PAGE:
Killing behavior of devils is different in some respects to quolls, and this is reflected in the weaker patterning of canine strength in the larger dasyurid guild.
The impact of and relationships between dingoes and the large dasyurid carnivores need to be investigated.
The dasyurid dentition and its relationships to that of Didelphids, Thylacinids, Borhyaenids (Marsupicarnivora) and Peramelids (Peramelina: Marsupialia).
Some observations on the killing and eating of prey by two dasyurid marsupials: the Mulgara, Dasycercus cristicauda, and the Tasmanian Devil, Sarcophilus harrisi.
The four species of dasyurids (three quolls and the devil) and the thylacine are defined as a guild on the basis of a similar diet (primarily vertebrate prey), similar limb morphology, and hence locomotor function, leading to broad similarities in foraging behavior, and sympatric and synchronous activity (see Dayan et al.
The smaller species of dasyurids, the marsupial mice, Antechinus spp.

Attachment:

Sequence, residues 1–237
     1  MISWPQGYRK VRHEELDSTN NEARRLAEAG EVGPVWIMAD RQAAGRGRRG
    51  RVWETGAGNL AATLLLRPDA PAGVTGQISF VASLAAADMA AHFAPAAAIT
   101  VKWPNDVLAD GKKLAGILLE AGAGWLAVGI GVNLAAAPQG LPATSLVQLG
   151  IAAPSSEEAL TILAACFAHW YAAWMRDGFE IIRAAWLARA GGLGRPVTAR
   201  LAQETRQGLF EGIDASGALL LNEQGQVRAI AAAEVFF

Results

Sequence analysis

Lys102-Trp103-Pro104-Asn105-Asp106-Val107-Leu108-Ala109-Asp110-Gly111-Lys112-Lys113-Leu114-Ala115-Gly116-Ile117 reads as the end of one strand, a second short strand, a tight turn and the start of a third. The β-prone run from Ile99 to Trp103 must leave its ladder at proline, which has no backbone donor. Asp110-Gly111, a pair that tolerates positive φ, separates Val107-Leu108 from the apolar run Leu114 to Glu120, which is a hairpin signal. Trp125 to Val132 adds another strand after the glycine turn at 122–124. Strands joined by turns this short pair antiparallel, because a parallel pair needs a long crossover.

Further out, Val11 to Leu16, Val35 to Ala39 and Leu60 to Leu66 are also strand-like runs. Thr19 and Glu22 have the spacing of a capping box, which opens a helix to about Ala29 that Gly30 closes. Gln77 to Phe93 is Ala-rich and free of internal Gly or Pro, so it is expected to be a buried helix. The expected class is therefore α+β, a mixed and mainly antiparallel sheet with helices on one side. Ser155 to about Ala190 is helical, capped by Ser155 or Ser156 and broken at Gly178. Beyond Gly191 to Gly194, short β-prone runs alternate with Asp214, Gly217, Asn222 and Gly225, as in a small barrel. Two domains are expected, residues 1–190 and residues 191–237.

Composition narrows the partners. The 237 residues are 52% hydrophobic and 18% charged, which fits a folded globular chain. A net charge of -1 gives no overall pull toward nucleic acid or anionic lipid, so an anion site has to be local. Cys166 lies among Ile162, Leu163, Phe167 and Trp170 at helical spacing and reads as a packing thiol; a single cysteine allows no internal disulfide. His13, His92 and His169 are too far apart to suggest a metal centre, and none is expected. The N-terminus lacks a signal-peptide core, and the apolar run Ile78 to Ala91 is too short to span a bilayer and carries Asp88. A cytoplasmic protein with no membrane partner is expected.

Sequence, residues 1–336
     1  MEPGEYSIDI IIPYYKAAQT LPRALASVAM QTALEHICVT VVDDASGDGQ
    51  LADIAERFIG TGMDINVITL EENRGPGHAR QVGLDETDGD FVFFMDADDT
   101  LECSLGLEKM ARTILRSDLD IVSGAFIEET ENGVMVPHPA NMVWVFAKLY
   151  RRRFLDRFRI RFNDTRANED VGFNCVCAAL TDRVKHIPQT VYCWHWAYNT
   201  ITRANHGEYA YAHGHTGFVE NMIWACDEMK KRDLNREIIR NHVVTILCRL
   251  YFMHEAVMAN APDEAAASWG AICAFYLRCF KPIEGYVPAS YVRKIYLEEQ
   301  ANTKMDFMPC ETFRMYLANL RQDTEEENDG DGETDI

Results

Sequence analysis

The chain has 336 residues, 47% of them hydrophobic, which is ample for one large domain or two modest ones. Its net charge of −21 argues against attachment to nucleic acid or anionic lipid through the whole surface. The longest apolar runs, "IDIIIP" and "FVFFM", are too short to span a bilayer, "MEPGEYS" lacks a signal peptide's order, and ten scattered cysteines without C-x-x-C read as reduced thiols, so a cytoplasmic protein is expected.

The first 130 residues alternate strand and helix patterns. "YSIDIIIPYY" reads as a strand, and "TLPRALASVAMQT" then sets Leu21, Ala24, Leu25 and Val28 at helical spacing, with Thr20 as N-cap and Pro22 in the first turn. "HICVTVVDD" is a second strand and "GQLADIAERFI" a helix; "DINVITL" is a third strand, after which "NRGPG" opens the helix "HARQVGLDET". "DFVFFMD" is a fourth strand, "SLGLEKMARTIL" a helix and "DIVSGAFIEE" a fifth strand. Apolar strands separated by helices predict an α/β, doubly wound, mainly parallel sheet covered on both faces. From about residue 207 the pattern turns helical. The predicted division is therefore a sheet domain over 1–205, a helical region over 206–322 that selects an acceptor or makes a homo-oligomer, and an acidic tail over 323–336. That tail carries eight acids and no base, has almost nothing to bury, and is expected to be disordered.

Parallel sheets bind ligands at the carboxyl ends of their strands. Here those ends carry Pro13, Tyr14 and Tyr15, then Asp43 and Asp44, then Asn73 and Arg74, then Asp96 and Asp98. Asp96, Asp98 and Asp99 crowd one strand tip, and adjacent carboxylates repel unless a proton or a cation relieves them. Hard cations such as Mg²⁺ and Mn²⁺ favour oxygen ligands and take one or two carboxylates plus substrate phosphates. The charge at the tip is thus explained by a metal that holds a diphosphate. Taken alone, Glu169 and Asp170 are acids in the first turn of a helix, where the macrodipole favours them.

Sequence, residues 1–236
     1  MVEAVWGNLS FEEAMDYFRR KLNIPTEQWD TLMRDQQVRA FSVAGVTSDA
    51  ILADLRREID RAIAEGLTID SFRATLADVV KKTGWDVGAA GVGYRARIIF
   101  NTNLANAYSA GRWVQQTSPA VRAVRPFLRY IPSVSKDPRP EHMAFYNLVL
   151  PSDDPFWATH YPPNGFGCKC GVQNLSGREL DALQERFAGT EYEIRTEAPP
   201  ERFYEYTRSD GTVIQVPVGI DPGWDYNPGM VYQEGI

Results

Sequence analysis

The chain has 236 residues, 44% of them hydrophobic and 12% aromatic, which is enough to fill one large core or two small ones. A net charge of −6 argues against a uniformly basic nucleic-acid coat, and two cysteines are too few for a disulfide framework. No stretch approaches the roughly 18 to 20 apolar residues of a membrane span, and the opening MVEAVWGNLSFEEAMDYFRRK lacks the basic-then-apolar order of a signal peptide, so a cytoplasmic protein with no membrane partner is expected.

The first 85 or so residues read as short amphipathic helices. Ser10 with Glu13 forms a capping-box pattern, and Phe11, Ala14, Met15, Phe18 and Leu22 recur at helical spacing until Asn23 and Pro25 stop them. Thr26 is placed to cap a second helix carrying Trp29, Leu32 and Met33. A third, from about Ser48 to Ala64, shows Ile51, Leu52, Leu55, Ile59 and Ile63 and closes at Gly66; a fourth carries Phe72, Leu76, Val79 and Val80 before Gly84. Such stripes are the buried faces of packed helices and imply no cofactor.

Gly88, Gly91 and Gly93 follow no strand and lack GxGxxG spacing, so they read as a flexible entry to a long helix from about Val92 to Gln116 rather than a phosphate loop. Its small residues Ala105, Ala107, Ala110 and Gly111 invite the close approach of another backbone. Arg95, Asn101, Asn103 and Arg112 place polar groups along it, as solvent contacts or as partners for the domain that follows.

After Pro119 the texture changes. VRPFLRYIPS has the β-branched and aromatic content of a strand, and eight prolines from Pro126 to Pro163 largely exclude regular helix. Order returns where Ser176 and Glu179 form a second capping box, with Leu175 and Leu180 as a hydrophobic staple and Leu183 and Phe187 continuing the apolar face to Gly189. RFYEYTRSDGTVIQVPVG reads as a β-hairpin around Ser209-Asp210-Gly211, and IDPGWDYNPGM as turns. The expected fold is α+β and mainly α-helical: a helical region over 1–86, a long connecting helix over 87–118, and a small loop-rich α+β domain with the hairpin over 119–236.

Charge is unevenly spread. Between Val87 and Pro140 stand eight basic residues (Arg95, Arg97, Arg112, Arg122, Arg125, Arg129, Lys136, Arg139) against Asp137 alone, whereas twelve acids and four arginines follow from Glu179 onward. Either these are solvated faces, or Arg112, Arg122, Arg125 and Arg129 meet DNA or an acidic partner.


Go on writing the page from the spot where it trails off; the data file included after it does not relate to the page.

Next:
Because dasyurids and presumptively also thylacinids produce only one set of teeth during their life, full dental rupture occurs when individuals are only two-thirds grown.
Four families of marsupial are represented in the Australian deserts: the rabbit bandicoot (Thylacomyi-dae), the dasyurid marsupial carnivores (Dasyuridae), the marsupial moles (Notoryctidae) and the kangaroos and wallabies (Macropodidae).
The dasyurid marsupial carnivores are represented in the desert by many species, all with pointed snouts and an insectivorous or carnivorous diet; they all nest in an underground burrow, but they move around on the surface.
Michael Archer, formerly associated with the WA Museum, introduced the native name Ningaui for a new genus of previously overlooked dasyurid species (Archer 1975).
Archer M (1975) Ningaui, a new genus of tiny dasyurids (Marsupialia) and two new species, N.